Communal living can be a tricky thing to talk about. The most widely known iteration of communal living, which is bound to pop into most minds when they hear the term, are the hippie communes of the 1970s. Visions of free love, long hair, and vegetable patches dance in our heads. Modern re-imaginings of communal living situations seem to be aware of this and the biases that come along with it, and largely avoid calling themselves “communes.” Instead, they prefer such terms as “cohousing” and “co – living.”
Still, talking about communal living can be met with derisive dismissals or, perhaps more commonly, a reply along the lines of “sure, I guess that can work for some people, but it isn’t for me.” Fair enough, and when I started researching this piece that was exactly what I thought, too. But when I sat down and looked at all the benefits built into cohousing models, I found myself asking the question: wait, why isn’t it for me?
“The sprawling suburbs of single-family homes, pillars of the antiquated American Dream, are no longer adequate.”
Did you know that former U.S. Surgeon General Vivek H. Murthy declared loneliness to be a public health epidemic? That more and more studies are finding that loneliness shortens your lifespan? That loneliness is mentioned alongside smoking and obesity as causes of premature death? So now not only do you have to study for that midterm and write that essay, you have to make more friends or risk an untimely demise.
Let’s back up for a moment. If these places aren’t hippie communes, what exactly are they? Unfortunately for this writer, there is no one standard model for cohousing. Cohousing situations vary depending on many factors, such as an urban versus rural setting, financial structures, and the philosophies of each group. Even with all of this variety, each of these different cohousing and co – living arrangements do share common themes . They believe in radically rethinking the way that we organize and think about our homes. They are reimagining the division between public and private lives. And importantly, they believe that intention is the key to community building.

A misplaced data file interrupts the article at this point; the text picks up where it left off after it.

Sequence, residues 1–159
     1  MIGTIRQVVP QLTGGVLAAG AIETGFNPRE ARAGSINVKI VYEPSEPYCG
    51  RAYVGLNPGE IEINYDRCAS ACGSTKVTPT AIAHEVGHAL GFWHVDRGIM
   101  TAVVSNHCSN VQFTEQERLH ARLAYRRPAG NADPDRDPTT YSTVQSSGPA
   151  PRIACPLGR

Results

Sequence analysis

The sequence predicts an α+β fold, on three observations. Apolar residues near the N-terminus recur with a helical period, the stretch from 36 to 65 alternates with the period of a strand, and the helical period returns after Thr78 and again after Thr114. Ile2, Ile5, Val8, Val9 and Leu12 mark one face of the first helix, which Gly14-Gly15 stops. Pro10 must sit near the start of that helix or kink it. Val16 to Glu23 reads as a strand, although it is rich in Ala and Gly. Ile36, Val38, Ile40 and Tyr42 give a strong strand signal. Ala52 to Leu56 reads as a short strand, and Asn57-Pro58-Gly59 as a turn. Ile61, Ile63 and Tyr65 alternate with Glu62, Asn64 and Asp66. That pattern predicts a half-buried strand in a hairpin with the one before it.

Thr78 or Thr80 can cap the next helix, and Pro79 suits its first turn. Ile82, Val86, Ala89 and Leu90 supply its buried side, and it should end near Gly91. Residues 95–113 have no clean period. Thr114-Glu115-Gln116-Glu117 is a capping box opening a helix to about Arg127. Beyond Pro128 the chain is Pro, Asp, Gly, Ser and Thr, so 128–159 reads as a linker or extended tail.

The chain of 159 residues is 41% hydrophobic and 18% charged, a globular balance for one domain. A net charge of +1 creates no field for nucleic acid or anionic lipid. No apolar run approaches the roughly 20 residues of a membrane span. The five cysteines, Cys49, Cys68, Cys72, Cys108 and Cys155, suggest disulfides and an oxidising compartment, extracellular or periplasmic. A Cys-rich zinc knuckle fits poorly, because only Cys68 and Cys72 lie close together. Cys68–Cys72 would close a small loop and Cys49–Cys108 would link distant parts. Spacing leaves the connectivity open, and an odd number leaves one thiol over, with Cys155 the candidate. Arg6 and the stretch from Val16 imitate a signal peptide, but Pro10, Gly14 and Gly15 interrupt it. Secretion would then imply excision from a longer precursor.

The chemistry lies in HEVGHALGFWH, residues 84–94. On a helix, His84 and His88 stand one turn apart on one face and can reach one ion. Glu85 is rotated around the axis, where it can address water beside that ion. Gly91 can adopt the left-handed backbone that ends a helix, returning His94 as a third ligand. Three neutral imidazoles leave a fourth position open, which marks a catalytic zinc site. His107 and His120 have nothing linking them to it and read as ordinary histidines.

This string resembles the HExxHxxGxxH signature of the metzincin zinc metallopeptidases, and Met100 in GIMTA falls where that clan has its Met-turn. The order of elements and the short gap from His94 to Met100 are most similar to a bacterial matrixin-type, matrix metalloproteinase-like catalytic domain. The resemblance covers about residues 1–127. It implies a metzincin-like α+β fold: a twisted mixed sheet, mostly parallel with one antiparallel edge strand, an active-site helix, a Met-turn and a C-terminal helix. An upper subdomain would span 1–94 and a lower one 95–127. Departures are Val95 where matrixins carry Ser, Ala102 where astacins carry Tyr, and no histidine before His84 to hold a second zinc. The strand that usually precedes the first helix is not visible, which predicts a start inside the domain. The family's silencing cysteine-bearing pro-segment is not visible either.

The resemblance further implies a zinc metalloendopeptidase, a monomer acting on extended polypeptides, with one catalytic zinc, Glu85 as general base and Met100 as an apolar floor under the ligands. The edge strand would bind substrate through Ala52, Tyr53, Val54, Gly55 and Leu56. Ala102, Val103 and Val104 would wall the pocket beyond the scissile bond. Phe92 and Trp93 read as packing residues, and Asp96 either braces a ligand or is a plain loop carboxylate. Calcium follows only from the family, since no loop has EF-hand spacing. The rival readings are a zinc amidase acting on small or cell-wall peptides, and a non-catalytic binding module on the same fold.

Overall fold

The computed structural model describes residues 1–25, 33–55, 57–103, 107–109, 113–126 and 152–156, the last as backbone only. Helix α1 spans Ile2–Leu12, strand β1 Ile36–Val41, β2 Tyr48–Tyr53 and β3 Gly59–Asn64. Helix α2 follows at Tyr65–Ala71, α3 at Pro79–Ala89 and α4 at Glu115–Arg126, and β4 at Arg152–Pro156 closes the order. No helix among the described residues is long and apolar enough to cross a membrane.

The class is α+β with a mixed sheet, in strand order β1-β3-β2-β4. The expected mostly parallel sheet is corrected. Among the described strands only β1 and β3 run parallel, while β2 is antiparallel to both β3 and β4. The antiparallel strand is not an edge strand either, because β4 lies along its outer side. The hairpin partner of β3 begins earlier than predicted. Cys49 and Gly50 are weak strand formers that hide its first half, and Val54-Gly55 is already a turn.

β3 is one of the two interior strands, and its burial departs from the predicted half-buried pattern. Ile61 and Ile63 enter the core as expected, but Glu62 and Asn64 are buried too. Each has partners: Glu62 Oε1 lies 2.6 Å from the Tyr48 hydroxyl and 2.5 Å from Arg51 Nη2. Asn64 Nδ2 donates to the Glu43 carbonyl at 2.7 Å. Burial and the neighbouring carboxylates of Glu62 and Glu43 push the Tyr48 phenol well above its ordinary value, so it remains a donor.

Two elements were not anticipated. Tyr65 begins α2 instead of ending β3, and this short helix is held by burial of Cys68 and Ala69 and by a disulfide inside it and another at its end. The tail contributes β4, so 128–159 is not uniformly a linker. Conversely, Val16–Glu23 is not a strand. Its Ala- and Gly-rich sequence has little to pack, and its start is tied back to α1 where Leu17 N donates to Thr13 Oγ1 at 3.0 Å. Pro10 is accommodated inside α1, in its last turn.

“Cohousing models do not ask you to throw away your privacy, they ask you to create spaces for community activities, and, most importantly, to use them.”
Intention is the word you’ll hear over and over again from members of cohousing communities. Grace Kim is an architect who designed and developed a cohousing community in which she now lives. She has presented a compelling TED talk on the subject, in which she invites us to rethink our built environments. Kim’s talk asks us to take a step back and consider the way our homes and cities are designed, and the ways those designs influence our daily lives. The sprawling suburbs of single-family homes, pillars of the antiquated American Dream, are no longer adequate. Cohousing models do not ask you to throw away your privacy, they ask you to create spaces for community activities, and, most importantly, to use them.
Successful cohousing requires common spaces, areas for people to bump into each other, eat together, vent about the day’s trials at work, and to ask for an egg or a favour. Streets lined with single-family homes do not make room for these spaces. Many apartment buildings do not have communal spaces, unless you include the handful of chairs one inspired manager decided to scatter around the lobby. This is changing, and some apartment buildings are beginning to include communal spaces, but they’re still missing the key ingredient: intention.